Module Catalogue 2022/23

HSS8007 : The Making and Unmaking of Knowledge

  • Offered for Year: 2022/23
  • Module Leader(s): Dr Dariusz Gafijczuk
  • Lecturer: Dr Tina Sikka
  • Owning School: HASS Faculty Office
  • Teaching Location: Newcastle City Campus
Semesters
Semester 1 Credit Value: 10
ECTS Credits: 5.0
Pre Requisites
Pre Requisite Comment

N/A

Co Requisites
Co Requisite Comment

N/A

Aims

The module aims to actively engage students in the process of making and unmaking knowledge in the social sciences, arts and humanities. Students will be introduced to an understanding of knowledge as historically and environmentally conditioned. The module introduces the basic principles of epistemology, showing how specific ways of seeing or framing directly influence the type of knowledge and data that emerges. Knowledge creation is presented as a dynamic process, not a static tradition of inquiry.

Outline Of Syllabus

The syllabus comprises four framing sessions in which students will be introduced to the dynamics that underpin the making of knowledge as a research tool and as a social construct. They will also select four epistemological approaches from the options offered, according to their needs and interests.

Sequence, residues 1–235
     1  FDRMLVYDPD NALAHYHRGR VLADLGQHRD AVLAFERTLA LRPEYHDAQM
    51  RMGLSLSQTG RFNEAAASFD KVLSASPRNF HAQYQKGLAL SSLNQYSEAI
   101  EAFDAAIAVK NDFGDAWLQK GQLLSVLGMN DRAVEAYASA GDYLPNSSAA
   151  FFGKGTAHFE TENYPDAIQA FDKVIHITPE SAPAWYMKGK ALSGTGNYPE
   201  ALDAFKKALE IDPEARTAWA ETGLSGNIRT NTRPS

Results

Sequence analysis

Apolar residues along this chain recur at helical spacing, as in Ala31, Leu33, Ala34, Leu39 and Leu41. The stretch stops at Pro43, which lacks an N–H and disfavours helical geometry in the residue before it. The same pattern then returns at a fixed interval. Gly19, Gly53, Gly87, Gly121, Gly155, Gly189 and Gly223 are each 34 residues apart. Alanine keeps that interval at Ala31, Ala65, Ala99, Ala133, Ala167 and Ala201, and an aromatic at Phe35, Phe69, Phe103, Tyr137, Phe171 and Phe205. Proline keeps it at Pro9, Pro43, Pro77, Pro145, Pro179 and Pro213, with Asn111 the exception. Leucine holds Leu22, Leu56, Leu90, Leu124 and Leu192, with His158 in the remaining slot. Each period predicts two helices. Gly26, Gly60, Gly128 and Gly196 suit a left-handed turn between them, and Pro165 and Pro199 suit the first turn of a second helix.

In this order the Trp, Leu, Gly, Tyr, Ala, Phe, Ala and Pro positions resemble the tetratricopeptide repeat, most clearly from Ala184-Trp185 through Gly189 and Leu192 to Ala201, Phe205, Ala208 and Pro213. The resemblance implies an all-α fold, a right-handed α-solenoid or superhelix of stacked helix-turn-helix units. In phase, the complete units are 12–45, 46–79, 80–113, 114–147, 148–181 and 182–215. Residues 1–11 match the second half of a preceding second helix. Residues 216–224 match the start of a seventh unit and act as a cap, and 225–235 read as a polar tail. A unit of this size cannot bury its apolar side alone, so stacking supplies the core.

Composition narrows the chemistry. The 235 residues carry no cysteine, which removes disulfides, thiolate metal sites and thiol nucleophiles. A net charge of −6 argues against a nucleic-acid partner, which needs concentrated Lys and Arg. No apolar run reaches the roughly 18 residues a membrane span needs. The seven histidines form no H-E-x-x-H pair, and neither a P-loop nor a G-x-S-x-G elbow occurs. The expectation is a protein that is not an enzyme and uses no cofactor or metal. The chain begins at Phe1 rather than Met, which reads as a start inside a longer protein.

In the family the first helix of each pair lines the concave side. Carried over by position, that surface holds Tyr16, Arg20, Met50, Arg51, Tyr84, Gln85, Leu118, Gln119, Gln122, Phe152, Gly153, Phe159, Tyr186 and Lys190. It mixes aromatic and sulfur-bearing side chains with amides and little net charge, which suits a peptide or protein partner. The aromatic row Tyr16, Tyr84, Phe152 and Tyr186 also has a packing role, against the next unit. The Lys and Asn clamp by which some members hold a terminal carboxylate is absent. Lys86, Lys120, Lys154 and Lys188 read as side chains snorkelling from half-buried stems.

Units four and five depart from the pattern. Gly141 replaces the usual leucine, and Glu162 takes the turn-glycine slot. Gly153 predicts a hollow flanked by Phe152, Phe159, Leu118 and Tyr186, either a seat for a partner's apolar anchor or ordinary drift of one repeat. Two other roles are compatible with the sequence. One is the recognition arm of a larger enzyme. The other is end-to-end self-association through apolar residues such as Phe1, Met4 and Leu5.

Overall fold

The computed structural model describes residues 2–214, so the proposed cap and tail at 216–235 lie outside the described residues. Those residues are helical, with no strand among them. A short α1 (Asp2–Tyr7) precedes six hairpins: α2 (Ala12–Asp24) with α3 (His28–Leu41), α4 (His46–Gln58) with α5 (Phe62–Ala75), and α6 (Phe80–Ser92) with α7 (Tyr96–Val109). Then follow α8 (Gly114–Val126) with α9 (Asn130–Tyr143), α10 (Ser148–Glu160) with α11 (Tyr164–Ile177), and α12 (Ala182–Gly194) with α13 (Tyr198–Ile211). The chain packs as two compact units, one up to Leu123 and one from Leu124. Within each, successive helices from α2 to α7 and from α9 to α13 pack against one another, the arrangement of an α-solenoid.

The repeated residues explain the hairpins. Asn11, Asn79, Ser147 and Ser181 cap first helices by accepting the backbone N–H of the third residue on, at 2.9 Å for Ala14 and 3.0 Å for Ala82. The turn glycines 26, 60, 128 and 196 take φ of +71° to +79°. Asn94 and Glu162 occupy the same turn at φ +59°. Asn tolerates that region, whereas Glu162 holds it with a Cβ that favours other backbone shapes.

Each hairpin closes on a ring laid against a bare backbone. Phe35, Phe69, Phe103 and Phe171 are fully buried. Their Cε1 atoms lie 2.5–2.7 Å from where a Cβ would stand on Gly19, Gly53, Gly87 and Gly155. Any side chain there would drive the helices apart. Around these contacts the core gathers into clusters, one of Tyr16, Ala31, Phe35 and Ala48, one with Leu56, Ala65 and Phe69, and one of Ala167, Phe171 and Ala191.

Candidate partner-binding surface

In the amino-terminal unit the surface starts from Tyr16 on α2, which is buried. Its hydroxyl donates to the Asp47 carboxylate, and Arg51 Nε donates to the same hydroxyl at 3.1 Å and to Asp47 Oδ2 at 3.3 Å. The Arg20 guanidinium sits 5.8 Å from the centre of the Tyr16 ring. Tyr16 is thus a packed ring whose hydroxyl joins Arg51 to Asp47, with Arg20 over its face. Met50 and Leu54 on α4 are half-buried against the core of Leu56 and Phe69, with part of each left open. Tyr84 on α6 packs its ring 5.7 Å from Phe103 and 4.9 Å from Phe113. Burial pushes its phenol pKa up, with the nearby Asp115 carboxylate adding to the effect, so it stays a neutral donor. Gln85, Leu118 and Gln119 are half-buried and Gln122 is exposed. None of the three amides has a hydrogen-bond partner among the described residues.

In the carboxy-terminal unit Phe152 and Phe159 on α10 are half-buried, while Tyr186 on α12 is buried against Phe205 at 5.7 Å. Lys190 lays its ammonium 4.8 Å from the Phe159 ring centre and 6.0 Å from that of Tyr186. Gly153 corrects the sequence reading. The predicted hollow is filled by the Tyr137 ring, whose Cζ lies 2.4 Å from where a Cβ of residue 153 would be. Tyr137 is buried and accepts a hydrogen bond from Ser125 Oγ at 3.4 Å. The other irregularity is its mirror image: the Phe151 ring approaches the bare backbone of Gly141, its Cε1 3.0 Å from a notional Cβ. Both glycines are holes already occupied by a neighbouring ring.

Framing sessions will cover:
• Overview and introduction to making and unmaking knowledge;
• Noticing, observing and paying attention;
• The relationship between theory and methods;
• The researcher as an instrument of enquiry.

Optional topics will vary, but include fields such as critical theory, feminism, poststructuralism, positivism, history of science, and post/decolonial approaches.

Learning Outcomes

Intended Knowledge Outcomes

An increased understanding of:
• the principles of epistemology and knowledge construction;
• a selection of key epistemological approaches;
• the link between epistemology and research practice;
• knowledge as context dependent;
• patterns in knowledge construction.

Intended Skill Outcomes

• To be able to identify different epistemological approaches in the arts, humanities and social sciences;
• To be able to situate a theory, argument, or piece of research within an epistemological approach;
• To be able to demonstrate awareness of research subjectivity within a specific epistemological context;
• To demonstrate the ability to critically evaluate the underpinning ideas & approaches used in one’s own discipline and/ or research project.

Teaching Methods

Teaching Activities
Category Activity Number Length Student Hours Comment
Scheduled Learning And Teaching ActivitiesLecture42:008:00epistemological case studies to be selected from available options.
Scheduled Learning And Teaching ActivitiesLecture42:008:00Framing lectures
Guided Independent StudyDirected research and reading176:0076:00Including recommended readings, workshop preparation and contribution to online discussion boards.
Scheduled Learning And Teaching ActivitiesSmall group teaching81:008:00Students will be able to choose from present in person or synchronous live webinars for each week